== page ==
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Mental Health and Wellbeing for Young People from Intersectional Identity Groups: Inequity for Māori, Pacific, Rainbow Young People, and those with a Disabling Condition

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journal contribution
posted on 2023-09-04, 00:11 authored by Rituparna Roy, Lara Greaves, John Fenaughty, Theresa FlemingTheresa Fleming, Terryann Clark
‘Intersectionality’ describes the converging effects of ethnicity, gender, sexuality, disability, and other social group characteristics that influence life experiences. We draw on a representative study of year 9-13 students in Tai Tokerau, Tāmaki Makaurau, and Waikato (Youth19) to explore differences in mental health and wellbeing outcomes for young people from a selection of intersectional identities (Māori, Pasifika, Rainbow, and young people with a Disabling Condition). We found a pervasive pattern of inequity for young people who have intersectional identities compared to those from the majority groups (i.e. Pākehā, non-disabled, cis-heterosexual youth). Intersectional youth had higher levels of inequity and faced a greater array of inequities. There was evidence of an additive effect for some indicators. Thematic analysis of open-text survey responses found the need for positive inclusive environments, and support for all young people, including those at the intersections of identity. Drawing on the findings, we offered several systemslevel policy recommendations, including strategies to improve inclusiveness and reduce discrimination.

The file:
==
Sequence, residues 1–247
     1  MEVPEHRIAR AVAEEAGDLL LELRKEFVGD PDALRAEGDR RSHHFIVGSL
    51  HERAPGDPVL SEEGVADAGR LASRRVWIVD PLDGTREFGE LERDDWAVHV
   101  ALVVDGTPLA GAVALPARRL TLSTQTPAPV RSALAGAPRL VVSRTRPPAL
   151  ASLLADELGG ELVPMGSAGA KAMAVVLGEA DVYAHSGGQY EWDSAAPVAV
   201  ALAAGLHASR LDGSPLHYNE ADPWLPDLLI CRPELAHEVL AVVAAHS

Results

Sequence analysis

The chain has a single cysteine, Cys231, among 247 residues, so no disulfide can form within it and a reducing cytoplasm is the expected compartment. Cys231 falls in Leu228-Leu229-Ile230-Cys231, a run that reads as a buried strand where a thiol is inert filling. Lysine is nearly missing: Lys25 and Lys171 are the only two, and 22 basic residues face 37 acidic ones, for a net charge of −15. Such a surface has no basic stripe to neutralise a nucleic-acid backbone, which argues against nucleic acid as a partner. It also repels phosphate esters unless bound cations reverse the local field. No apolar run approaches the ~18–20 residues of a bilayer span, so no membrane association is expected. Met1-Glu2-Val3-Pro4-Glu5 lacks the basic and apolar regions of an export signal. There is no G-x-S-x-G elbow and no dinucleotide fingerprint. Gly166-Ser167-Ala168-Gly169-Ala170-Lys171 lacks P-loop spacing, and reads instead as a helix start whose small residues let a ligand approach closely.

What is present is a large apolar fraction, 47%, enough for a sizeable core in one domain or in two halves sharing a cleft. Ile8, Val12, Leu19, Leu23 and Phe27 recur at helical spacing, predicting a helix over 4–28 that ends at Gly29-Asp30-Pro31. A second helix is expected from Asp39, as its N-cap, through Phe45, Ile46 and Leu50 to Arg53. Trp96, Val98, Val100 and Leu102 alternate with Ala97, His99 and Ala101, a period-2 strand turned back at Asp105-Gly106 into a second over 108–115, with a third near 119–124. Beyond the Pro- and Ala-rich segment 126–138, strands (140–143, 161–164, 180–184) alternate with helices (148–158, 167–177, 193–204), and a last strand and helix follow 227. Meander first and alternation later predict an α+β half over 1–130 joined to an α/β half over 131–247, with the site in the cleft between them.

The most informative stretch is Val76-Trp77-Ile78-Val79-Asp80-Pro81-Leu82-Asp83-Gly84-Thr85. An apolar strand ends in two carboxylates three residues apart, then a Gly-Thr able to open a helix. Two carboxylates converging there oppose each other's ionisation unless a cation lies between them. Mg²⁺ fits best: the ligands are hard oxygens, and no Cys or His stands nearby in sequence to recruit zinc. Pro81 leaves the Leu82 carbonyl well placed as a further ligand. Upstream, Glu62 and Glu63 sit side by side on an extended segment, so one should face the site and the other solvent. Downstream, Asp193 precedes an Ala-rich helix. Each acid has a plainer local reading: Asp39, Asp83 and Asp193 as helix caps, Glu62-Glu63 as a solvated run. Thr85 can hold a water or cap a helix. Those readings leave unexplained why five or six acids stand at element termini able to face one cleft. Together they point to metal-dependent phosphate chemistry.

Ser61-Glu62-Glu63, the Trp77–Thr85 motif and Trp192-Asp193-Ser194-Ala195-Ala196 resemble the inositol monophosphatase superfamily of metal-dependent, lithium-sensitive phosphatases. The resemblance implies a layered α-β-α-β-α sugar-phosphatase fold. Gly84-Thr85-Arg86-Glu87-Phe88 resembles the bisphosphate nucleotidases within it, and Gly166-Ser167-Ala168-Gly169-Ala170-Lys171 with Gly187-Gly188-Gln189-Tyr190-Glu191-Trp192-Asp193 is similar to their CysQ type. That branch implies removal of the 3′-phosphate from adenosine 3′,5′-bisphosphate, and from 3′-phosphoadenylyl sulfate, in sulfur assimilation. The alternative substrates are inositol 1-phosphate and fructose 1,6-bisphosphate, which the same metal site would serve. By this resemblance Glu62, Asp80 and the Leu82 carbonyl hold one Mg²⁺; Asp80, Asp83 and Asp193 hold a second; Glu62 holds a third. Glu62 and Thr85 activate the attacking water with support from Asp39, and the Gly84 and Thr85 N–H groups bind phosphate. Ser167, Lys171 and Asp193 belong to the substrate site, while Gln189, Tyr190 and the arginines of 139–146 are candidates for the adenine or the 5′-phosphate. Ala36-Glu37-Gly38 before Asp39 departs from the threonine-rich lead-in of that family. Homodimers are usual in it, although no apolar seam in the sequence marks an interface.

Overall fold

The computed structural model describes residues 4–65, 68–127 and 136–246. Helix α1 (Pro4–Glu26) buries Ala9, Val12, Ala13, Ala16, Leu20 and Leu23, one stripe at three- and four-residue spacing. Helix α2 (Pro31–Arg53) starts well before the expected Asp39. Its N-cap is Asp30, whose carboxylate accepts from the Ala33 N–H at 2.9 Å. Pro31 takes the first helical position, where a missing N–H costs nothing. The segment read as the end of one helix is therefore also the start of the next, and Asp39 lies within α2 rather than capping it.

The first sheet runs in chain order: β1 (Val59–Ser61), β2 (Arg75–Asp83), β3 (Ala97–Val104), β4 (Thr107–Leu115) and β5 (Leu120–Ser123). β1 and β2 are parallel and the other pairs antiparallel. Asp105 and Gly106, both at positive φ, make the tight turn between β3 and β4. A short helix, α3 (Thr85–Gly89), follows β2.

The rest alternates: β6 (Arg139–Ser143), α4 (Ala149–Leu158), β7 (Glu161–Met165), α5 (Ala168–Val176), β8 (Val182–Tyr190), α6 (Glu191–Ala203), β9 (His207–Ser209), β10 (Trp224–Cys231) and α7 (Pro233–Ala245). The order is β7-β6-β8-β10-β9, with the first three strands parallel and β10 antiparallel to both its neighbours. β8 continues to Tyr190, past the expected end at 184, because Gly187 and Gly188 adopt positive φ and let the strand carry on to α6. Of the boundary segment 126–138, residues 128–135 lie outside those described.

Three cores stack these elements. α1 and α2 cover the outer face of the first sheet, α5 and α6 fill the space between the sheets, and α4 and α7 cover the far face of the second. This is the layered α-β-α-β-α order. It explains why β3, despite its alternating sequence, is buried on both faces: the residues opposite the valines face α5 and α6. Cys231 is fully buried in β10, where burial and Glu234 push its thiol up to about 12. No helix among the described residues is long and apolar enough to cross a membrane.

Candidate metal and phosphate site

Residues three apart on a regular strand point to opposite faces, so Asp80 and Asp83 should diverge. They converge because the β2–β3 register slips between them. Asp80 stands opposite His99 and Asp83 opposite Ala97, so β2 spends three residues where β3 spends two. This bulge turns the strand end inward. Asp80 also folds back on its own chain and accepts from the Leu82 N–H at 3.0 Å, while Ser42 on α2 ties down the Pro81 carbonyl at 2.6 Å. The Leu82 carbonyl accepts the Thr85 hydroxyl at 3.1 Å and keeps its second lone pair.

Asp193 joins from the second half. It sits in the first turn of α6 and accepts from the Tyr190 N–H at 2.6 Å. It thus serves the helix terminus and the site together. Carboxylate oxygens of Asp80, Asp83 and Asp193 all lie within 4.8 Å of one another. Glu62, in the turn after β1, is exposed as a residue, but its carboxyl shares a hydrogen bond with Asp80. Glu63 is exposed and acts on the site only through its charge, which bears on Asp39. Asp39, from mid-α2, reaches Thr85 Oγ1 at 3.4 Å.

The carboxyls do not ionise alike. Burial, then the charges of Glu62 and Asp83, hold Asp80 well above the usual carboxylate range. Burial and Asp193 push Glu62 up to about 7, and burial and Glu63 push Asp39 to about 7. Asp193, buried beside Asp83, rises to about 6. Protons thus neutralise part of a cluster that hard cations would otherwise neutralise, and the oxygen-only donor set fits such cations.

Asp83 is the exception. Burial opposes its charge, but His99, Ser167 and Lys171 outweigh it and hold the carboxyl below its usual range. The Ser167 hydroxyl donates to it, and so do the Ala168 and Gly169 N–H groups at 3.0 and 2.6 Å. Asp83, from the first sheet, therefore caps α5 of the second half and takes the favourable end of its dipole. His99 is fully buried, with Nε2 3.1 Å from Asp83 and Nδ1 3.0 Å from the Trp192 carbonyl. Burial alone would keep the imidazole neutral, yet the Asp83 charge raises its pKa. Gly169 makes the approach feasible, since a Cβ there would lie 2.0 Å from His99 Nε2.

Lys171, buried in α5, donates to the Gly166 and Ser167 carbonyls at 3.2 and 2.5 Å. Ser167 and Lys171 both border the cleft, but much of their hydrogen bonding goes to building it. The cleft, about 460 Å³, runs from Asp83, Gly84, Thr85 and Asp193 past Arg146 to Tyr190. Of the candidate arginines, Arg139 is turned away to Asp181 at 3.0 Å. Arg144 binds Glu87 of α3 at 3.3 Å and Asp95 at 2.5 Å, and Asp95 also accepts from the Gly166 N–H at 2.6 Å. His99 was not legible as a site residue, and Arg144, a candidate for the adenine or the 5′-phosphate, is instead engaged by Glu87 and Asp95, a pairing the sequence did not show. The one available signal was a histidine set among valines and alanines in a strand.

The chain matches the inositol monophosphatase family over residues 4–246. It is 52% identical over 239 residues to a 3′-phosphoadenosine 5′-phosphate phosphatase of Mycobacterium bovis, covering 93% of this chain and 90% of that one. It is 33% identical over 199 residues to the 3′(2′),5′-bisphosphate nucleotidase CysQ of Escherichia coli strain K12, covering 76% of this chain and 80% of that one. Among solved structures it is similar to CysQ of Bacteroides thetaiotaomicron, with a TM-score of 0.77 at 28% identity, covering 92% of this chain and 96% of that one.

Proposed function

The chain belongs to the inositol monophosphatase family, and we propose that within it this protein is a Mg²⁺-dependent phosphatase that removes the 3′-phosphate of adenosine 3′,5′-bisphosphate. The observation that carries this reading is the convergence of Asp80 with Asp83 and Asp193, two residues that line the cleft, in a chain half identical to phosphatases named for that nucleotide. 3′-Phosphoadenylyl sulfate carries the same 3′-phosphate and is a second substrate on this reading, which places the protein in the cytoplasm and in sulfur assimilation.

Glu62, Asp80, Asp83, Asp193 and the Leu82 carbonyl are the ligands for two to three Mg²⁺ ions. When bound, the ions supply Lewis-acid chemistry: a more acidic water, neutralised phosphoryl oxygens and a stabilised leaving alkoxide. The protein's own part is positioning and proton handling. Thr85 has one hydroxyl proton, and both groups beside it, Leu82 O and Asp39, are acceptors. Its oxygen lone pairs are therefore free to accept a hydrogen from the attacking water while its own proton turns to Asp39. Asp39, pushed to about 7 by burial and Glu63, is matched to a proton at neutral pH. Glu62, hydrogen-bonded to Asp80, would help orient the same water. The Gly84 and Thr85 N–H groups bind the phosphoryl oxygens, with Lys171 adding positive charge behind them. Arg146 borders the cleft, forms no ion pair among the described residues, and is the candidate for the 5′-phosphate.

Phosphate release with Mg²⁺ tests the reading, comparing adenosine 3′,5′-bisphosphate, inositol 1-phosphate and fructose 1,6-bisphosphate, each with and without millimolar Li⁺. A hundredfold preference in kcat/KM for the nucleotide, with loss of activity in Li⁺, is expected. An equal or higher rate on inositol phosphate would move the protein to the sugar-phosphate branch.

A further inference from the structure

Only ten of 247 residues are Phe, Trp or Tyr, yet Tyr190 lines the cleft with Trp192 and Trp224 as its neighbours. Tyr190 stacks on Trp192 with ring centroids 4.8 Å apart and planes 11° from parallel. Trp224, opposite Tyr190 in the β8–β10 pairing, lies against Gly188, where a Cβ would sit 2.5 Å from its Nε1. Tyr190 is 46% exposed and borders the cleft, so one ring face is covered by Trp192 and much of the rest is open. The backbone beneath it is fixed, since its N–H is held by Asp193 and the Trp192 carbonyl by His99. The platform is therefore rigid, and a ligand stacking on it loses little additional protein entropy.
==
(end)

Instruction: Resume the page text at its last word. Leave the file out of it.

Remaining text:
Funding

Integrating Survey and Intervention Research for Youth Health Gains | Funder: HEALTH RESEARCH COUNCIL OF NEW ZEALAND

Intersectionality Analysis | Funder: MINISTRY OF SOCIAL DEVELOPMENT

History

Preferred citation

Roy, R., Greaves, L., Fenaughty, J., Fleming, T. & Clark, T. (2023). Mental Health and Wellbeing for Young People from Intersectional Identity Groups: Inequity for Māori, Pacific, Rainbow Young People, and those with a Disabling Condition. New Zealand Journal of Psychology, 52(1), 25-40.

Journal title

New Zealand Journal of Psychology

Volume

52

Issue

1

Publication date

2023-04-01

Pagination

25-40

Publisher

Christchurch New Zealand Psychological Society

Publication status

Published

Contribution type

Article

ISSN

0112-109X